A Meditation on Colossians 3:23

February 21, 2008

The Apostle Paul writes, “Whatever you do, work heartily, as for the Lord and not for men, knowing that from the Lord you will receive the inheritance of your reward. You are serving the Lord Christ.”

We live in a world of distractions. Regardless of your profession there are multitude of intrusions that will invade your thoughts today in the form of email (both legitimate and spam), water-cooler conversations, drop-in meetings, ringing cell phones, text message alerts, the call of the internet, illuminated television screens, etc. Each of these will occupy your mind in such a way as to potentially distract you from working in a way that glorifies God.

I spend significant portions of my work week in front of a computer screen working through important emails, planning ministry events, studying God’s Word, researching sermons and bible studies, planning for counseling sessions, mapping out ministry calendars and agendas, etc. But as useful a tool as the PC and internet are, they also are potentially lethal to a good work ethic. They can become instruments of idleness. They can either be vehicles of godliness or instruments of sin.

This is one reason it is helpful for me to remember that when I work, I work for Jesus. My labor and reward, though tangible expressed to me through God’s saints at Concord, ultimately are for the glory of Jesus Christ. So, as one who spends blocks of time working in an office with a computer, it is helpful for me to remember Paul’s instruction here about work. 

I should: (a) work heartily, meaning joyfully, contentedly and devotedly; (b) work with the knowledge that I ultimately labor for Christ, not men; (c) work for a reward that comes from Christ, not ultimately man.

This means that, as I work, I have an eye on the gospel as I look for how God is at work around me in my work environment. The way that I labor provides opportunity for me to apply the gospel, not only to my own life (which I need!), but also to the lives of those that God has placed around me. My work is meant to serve (at least) three purposes: (1) it destroys idleness in my life, which is displeasing to God; (2) it is meant to bring glory to God; (3) it secures opportunity, through the benefits of work, to import the gospel into other areas of life.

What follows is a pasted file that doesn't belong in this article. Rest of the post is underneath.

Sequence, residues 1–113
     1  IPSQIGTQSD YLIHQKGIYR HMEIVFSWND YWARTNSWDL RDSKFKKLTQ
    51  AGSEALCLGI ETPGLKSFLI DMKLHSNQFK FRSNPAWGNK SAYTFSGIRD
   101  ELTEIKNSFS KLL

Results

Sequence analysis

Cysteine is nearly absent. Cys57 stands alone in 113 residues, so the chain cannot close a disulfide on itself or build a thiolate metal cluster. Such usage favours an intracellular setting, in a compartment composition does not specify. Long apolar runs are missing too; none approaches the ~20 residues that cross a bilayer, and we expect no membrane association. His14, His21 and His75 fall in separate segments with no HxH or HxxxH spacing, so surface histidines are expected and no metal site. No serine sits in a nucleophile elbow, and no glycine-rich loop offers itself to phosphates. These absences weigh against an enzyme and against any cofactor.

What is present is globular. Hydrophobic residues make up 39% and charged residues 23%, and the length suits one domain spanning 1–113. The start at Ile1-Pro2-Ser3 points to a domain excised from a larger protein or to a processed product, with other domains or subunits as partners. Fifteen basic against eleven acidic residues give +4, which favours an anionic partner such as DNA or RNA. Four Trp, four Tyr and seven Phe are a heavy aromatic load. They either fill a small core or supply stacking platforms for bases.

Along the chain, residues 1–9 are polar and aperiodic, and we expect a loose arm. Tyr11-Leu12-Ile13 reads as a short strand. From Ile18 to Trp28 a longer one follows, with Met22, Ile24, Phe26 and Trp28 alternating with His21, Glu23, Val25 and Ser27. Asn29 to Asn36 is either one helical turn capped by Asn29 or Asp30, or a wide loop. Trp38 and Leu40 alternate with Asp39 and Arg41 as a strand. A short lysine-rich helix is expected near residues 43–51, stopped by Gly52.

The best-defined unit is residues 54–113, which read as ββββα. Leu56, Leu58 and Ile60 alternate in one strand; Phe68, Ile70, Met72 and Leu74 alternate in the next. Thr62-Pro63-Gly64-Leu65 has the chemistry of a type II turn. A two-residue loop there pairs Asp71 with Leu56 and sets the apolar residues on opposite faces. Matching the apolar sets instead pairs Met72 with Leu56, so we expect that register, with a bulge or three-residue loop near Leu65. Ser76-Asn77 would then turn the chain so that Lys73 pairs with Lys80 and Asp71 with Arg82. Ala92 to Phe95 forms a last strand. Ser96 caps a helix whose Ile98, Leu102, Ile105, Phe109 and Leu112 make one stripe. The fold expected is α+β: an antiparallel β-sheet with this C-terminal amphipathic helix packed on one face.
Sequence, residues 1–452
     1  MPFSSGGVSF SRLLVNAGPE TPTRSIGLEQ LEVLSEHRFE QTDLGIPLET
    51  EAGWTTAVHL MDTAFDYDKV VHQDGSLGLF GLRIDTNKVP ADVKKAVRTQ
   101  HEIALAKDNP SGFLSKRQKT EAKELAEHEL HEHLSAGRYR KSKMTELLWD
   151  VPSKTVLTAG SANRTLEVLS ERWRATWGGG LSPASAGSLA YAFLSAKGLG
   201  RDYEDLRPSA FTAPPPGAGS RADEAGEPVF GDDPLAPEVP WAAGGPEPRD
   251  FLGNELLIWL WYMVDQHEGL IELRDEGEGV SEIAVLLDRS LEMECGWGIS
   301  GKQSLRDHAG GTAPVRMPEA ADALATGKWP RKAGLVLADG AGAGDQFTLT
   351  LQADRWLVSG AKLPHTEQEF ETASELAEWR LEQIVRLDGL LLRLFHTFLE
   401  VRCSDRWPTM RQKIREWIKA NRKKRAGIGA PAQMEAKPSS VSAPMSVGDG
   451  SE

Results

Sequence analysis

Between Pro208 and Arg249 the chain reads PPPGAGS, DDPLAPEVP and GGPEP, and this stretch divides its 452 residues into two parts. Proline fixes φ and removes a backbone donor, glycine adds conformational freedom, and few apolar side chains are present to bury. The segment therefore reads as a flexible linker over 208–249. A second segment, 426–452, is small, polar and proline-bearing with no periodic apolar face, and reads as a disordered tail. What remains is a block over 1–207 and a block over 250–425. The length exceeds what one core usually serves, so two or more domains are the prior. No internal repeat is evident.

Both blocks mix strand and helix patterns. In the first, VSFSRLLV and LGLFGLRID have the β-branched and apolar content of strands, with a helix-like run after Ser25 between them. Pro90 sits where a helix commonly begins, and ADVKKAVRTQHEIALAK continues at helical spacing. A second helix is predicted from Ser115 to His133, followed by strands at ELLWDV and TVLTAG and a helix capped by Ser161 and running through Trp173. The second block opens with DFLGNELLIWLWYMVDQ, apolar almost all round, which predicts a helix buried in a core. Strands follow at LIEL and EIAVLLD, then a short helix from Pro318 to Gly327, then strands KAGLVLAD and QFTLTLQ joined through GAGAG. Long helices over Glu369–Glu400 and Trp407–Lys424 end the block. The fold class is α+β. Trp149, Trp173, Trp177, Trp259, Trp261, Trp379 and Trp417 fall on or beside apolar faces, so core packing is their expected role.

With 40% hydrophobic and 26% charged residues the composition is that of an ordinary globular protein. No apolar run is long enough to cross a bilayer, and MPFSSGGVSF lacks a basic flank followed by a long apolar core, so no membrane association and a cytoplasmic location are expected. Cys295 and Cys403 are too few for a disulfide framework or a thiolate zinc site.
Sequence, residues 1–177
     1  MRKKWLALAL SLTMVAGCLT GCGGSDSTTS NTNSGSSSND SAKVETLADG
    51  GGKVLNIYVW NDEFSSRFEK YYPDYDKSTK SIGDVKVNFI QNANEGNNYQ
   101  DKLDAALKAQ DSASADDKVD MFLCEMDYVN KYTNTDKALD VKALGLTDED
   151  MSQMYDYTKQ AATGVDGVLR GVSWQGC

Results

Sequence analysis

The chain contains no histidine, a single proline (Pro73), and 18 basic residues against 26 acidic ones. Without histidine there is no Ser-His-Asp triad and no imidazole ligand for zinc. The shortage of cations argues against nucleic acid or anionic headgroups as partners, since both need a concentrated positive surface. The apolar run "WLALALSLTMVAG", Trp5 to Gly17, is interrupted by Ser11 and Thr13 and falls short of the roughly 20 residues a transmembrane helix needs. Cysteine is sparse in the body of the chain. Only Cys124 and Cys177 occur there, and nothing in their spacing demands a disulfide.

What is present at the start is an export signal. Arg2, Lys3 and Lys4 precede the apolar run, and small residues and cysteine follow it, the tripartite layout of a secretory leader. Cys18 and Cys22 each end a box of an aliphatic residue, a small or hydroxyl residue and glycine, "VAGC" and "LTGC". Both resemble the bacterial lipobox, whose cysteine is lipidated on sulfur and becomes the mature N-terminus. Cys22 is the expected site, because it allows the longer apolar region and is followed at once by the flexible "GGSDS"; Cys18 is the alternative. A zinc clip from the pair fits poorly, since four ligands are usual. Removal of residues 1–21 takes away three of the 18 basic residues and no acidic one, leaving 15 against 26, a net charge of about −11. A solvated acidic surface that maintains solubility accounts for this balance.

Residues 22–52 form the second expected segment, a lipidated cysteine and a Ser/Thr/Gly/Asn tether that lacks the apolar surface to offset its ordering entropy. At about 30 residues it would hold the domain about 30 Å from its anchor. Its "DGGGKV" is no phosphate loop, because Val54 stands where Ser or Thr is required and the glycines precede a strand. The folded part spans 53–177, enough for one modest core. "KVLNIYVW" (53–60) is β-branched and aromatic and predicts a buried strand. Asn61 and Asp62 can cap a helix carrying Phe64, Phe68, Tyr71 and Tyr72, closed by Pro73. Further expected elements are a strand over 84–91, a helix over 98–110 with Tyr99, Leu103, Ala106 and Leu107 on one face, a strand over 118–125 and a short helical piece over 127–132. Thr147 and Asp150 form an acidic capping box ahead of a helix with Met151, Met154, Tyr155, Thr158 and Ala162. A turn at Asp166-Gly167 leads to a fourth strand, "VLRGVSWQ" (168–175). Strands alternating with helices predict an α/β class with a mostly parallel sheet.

William Wilberforce once said something particularly applicable to a culture such as ours where we feel entitled to leisure and idleness, and we view both of these things as an appropriate substitutes that cause us to dismiss other more necessary responsibilities in life. “No man has a right to be idle. Where is it, that in such a world as this, health, and leisure, and affluence may not find some ignorance to instruct, some wrong to redress, some want to supply, some misery to alleviate.”

In most cases our work secures for us all the things Wilberforce mentions – health (at least health care), opportunity for leisure and affluence (material possessions). But as we work for these things we must also remember that there is work to be done as we enjoy these gifts from the Lord that may well be the result of working well before the Lord. God has not granted us these gifts through our work to simply mine the pleasures of these things for ourselves only, but rather, that we might use these gifts to bring the gospel into the lives of others.

This is yet another important way that we work for Jesus. How you redeem your time at work is a crucially important gospel witness. But how you redeem the benefits of your labors when you are off the clock – at home with your wife, on the basketball court, when making entertainment choices, in the time you spend with your kids, in the way you serve the fatherless and the widow – are also yet another way that we have been made to work and serve the Lord Jesus.

You were made for work (Genesis 1-2) – both on and off the corporate clock and out of the educational setting. So work heartily for Jesus today in all that you do, for your inheritance is your reward from the Lord (Revelation 20:12-13).

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